Tick-borne Lyme disease was once a fair-weather foe, but has now become a year-round threat because of wildlife migration changes and the ever-warming climate. Learn how to protect your pet and yourself from this debilitating condition with this guide from the Animal Hospital of Stoney Creek.
What is Lyme disease in pets?
Lyme disease is a vector-borne bacterial infection caused by the bacterium Borrelia burgdorferi. The blacklegged tick (i.e., deer tick), which is found throughout the province, is the primary Lyme disease vector or carrier. Disease is transmitted when an infected blacklegged tick attaches (i.e., bites) and feeds on a warm-blooded mammal (e.g., deer, mice, humans, dogs, or horses). The bacteria enter the general circulation and trigger chronic health issues, including painful joint swelling and inflammation, heart damage, kidney failure, and neurologic problems.
How common is Lyme disease in Ontario?
Lyme disease cases in humans have steadily increased in the province over the past several years. In 2017, human Lyme disease numbers tripled—1,003 probable and confirmed cases compared with 313 in the previous year—and highlighted the need for increased public awareness. According to Public Health Ontario, Lyme disease is especially prevalent along the eastern border, and Hamilton and its surrounding communities are now classified as risk areas on the 2022 Lyme Disease surveillance map.
Lyme Disease is likely to continue expanding in range and growing in frequency as average annual temperatures rise and ticks stay active for longer periods.
Is my pet at risk for Lyme disease?
Lyme disease is known to affect humans, horses, and dogs. And, although the disease has never been confirmed in cats outside a laboratory setting, cats should be considered at-risk as a preventive measure.
Ticks are mobile parasites and can hitch a ride on clothing, bags, or shoes, so all pets in the province—including indoor-only cats—are considered at risk for Lyme disease, and should receive year-round parasite prevention.
Can I pause my pet’s tick prevention in the winter months?
While you would think that a tick would be unlikely to brave a Canadian winter, these tiny arachnids emerge from hiding any time the temperature climbs above freezing. As climate change progressively shortens our cold season and more winter days are mild, pets are at an ever-increasing Lyme disease risk. Because only a single tick bite can transmit Lyme disease, we recommend continuous parasite prevention for year-round protection and peace of mind.
What are Lyme disease signs in pets?
Lyme disease-affected pets do not develop the classic bullseye rash seen in humans. In fact, many pets show no signs at all, or their signs are often vague and nonspecific, which sometimes results in an incorrect or delayed diagnosis. At the Animal Hospital of Stoney Creek, in-house Lyme disease testing (i.e., a blood test) is advised for pets with clinical signs that include:
- Appetite loss
- Swollen lymph nodes
- Intermittent lameness
- Painful or swollen joints
Because Lyme disease signs can come and go or be entirely absent, we recommend dogs be tested annually for tick-borne diseases, which involves a simple blood test similar to their yearly heartworm test.
How is Lyme disease treated in pets?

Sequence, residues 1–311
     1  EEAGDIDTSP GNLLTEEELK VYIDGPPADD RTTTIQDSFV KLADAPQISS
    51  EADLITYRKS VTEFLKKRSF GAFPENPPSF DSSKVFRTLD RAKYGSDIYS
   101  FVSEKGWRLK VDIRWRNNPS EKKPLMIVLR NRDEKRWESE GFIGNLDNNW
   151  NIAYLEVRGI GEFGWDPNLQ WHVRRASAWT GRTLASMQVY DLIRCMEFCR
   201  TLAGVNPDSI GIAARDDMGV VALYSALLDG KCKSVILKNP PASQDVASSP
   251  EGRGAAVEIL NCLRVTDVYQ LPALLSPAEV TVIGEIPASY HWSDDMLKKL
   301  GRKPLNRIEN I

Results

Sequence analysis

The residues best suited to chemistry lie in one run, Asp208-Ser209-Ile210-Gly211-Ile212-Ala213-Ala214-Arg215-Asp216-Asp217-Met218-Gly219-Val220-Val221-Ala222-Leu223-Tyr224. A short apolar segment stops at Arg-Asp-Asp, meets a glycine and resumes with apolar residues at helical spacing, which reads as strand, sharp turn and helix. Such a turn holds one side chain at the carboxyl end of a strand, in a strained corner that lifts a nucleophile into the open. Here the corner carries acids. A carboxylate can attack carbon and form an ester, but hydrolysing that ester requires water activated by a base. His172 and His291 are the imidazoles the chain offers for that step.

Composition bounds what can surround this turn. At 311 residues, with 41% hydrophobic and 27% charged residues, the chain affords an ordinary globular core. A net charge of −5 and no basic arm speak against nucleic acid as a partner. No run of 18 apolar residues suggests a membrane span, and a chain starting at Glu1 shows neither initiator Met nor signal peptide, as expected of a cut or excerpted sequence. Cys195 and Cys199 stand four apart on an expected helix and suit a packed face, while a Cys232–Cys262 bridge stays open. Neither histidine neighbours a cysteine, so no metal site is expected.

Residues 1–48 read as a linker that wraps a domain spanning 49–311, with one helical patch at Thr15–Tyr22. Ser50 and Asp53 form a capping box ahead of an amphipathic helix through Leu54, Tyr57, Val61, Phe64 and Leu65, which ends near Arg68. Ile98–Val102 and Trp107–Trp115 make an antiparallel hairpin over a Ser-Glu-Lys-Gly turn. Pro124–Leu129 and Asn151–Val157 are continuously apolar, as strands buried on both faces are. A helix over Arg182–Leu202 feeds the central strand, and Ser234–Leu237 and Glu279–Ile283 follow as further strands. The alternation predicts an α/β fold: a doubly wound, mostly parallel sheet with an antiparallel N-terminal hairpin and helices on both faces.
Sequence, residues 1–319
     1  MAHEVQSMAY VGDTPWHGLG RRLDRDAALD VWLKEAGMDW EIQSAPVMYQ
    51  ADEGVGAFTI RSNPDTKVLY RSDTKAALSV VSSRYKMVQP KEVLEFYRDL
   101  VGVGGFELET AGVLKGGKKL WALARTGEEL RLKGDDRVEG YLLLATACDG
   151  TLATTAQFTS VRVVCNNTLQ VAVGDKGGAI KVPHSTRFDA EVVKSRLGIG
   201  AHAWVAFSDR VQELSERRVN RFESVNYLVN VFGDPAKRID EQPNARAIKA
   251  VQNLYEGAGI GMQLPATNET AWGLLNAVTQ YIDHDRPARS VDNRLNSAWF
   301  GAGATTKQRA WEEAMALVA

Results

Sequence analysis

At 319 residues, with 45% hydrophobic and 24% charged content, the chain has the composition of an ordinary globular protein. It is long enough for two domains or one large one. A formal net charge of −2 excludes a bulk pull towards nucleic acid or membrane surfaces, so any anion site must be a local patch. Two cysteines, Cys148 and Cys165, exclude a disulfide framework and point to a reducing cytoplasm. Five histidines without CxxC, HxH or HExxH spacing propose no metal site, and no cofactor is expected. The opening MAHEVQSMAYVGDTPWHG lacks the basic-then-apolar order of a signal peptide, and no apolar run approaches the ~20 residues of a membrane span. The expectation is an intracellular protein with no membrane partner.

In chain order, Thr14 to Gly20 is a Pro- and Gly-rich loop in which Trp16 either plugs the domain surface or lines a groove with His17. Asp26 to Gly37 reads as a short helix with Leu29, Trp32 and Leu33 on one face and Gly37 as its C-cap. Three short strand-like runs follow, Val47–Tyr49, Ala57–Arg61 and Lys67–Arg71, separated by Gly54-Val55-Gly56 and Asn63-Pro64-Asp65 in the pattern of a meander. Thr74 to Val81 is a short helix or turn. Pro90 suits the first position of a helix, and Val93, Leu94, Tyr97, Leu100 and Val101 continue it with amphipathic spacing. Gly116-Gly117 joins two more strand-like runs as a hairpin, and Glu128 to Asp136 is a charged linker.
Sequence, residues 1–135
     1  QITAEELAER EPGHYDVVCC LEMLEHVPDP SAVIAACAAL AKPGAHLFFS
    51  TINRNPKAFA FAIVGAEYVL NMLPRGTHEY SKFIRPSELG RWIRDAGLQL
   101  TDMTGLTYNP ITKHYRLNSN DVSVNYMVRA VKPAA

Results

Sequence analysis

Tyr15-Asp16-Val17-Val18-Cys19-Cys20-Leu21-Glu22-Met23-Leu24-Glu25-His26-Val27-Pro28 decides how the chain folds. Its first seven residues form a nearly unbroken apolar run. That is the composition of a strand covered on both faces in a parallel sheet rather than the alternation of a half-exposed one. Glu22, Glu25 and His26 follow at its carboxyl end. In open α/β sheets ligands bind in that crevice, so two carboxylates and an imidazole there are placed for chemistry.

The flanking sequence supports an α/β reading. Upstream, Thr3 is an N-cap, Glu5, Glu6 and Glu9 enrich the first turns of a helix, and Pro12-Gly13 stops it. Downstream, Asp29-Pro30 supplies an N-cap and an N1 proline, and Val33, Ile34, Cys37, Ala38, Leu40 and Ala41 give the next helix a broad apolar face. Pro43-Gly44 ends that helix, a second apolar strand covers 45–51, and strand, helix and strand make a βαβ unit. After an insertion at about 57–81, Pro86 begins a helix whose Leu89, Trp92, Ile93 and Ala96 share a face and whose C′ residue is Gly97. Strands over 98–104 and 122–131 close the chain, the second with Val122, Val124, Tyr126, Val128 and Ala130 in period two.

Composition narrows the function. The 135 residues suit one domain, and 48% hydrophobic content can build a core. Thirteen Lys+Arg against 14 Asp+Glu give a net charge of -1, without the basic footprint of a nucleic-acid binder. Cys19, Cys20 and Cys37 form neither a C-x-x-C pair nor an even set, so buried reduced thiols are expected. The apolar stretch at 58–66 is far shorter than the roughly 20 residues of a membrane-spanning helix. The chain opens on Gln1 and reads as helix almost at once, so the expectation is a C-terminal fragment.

Lyme disease treatment involves eliminating any circulating Borrelia burgdorferi bacteria. Antibiotics are effective at clearing the infection, but may not completely eliminate clinical signs. Lyme disease-induced organ or joint damage (e.g., arthritis, stiffness) may persist and require additional therapy or care. The initial antibiotic course typically lasts for four weeks, and an additional course may be necessary.
If Lyme disease progresses undetected or untreated, neurologic signs, including seizures, are common, as well as kidney failure, which is often fatal.
What can I do to minimize my pet’s Lyme disease risk?
Lyme disease prevention begins with tick prevention. The Animal Hospital of Stoney Creek team recommends tick preventives for all household pets year-round, including the winter months. The preventives work by repelling ticks or killing ticks after they bite. Most veterinarian-prescribed preventives kill ticks only a few hours after the initial bite, preventing disease transmission, which requires 24 to 48 hours of attachment.
A canine Lyme disease vaccine also is available and recommended for at-risk dogs, including those who live, hunt, or frequently visit wooded areas where ticks are common. This vaccine is not a preventive replacement, but a way to more comprehensively protect vulnerable pets.
After spending any time outdoors, ensure you perform a tick-check to locate and remove crawling or attached ticks. Learn how to safely remove an attached tick here.
How can I reduce my pet’s exposure to ticks in the environment?
Blacklegged ticks prefer wooded and brushy areas, so keep the areas around your home free from tall grasses, weeds, and leafy debris, and keep wood piles covered and away from the home whenever possible. Remove wildlife feeding stations and unfenced vegetation or gardens that may attract white tailed deer—the blacklegged tick’s preferred host.
Lyme disease has officially arrived in our area, and like any unwelcome guest, the disease shows no signs of leaving. Year-round parasite prevention, environmental management, and diligent monitoring are the best way to protect your pet—and yourself—from this debilitating disease.
If your pet isn’t currently receiving parasite prevention, or if they are due for their annual screening test, contact the Animal Hospital of Stoney Creek.
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